On a more theoretical level, however, that doesn't altogether sit well with me. If the 43(a) claim [set aside the right of publicity claim for the moment] turns on the question of whether the dealership is falsely suggesting 50 Cent's sponsorship or endorsement of the dealership, then doesn't the dealer have a pretty good argument that there's nothing false about their suggestion? Isn't there some real sense in which 50 Cent did endorse the dealership? Is this really that different than when Good Housekeeping recommends a product and the product's manufacturers reference that recommendation in an ad? Or when Terri Welles continues to say that she was "Playmate of the Year," when in fact she was?
Of course, in the long run it probably doesn't matter that much if the dealer is able to make that argument effectively because parties with bargaining power (as we might assume celebrity endorsers generally are) will simply contract around the rule by explicitly forbidding additional uses of their name/likeness/image beyond the particular ads contemplated. And the current right of publicity, which is really broad (too broad, in my opinion), surely doesn't care whether 50 Cent really did ever endorse the dealership.
In looking at the ads, I think the dealer might have an argument that he is (perhaps inartfully) using the Snoop Dog references to evoke the television commercials, not to imply sponsorship or endorsement of the dealership. What if the ad said "As seen on Chrysler's television commercial, Snoop Dog says "If the car is fly, then you must buy." Would that make Snoop Dog's case any weaker?
Posted by: John at September 6, 2005 02:28 PM
Mark, I don't disagree with what you've said, although I am not certain that we can identify the boundaries of the implied sponsorship/endorsement doctrine. Trademark owners have carried this doctrine way too far, as Stacey accurately points out. We also have seen its abuse in the initial interest confusion doctrine, where any web-based reference to the trademark has the potential to create an implied sponsorship.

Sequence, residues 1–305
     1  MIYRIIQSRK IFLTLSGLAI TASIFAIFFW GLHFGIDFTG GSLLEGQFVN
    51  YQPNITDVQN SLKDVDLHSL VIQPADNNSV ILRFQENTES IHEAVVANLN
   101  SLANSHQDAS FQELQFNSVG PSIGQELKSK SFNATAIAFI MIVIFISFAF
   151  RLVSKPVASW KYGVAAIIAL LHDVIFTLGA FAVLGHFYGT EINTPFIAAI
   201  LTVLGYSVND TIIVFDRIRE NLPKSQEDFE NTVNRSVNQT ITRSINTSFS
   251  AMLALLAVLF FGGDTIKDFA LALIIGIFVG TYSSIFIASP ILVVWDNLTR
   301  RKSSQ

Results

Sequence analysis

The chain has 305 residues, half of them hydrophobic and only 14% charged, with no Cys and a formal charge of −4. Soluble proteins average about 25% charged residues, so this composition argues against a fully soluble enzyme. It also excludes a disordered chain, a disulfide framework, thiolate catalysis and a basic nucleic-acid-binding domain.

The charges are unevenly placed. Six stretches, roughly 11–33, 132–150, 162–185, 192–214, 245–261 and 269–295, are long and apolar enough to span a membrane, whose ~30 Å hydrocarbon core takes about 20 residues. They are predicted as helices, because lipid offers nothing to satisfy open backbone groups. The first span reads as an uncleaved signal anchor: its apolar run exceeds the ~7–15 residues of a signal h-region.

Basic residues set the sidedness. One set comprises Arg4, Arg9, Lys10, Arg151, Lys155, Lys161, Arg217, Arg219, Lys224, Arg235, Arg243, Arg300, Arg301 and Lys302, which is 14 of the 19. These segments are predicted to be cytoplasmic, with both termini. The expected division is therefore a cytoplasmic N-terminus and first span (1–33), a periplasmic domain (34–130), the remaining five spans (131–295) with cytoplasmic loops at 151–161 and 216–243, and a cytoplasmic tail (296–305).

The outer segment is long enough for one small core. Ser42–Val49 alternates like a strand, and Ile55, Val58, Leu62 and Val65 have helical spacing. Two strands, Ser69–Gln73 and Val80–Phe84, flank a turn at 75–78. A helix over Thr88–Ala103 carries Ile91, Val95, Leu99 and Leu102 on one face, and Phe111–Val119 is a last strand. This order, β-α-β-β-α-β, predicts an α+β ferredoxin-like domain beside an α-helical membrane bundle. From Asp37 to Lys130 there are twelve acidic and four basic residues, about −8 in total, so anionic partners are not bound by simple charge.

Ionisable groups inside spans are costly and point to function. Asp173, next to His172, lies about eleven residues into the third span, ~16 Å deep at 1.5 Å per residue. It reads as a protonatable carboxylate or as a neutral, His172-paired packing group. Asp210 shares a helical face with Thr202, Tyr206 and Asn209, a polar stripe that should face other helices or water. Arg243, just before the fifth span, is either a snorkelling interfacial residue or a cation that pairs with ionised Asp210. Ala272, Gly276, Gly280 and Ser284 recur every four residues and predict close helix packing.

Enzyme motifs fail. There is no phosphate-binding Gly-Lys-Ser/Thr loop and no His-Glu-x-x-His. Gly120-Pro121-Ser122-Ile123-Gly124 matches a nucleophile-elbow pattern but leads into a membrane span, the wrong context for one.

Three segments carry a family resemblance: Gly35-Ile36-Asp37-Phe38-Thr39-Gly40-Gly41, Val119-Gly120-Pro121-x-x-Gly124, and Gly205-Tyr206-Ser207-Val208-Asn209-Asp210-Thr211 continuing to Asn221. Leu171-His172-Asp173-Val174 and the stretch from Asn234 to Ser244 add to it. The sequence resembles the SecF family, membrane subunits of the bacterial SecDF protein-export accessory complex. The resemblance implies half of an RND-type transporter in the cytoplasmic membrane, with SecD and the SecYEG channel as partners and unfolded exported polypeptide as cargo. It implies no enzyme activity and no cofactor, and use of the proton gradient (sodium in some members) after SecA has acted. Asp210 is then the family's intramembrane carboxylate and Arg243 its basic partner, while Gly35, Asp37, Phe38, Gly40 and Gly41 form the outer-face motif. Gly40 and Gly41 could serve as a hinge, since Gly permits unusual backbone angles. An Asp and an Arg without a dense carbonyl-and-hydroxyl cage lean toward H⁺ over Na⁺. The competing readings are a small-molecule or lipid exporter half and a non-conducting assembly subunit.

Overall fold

However, we know there have to be limits on the doctrine or else we get the absurd results like Stacey discusses or like we've seen with initial interest confusion. The question is...where are those limits? And where there's no TM use in the advertising copy, I'd propose that we've reached one of those limits. Eric.
Posted by: Eric Goldman at September 6, 2005 04:25 PM
I'm not of the opinion that Fiddy and Snoop's complaints are that off the mark from a 43(a) standpoint.
The car dealer is obviously taking something of value from both rappers in order to promote his business. The taking of that something diminishes the capacity for Snoop and 50 to exploit it themselves.
I do think there's probably some room to invoke a celebrity and do so within the boundaries of trademark law. As John stated above, using "if the ride is more fly, you must buy" is using a Chrysler mark on a Chrysler’s good, assuming it is a mark. I'm not sure if this technically implicates the exhaustion doctrine, but it's pretty close.
I also think the pictures go a long way in this case, at least equitably. It certainly seems more like the rappers are endorsing the dealership when the ad has photos of them. Also, who owns the copyrights in these images?
Posted by: Tom at September 7, 2005 09:37 AM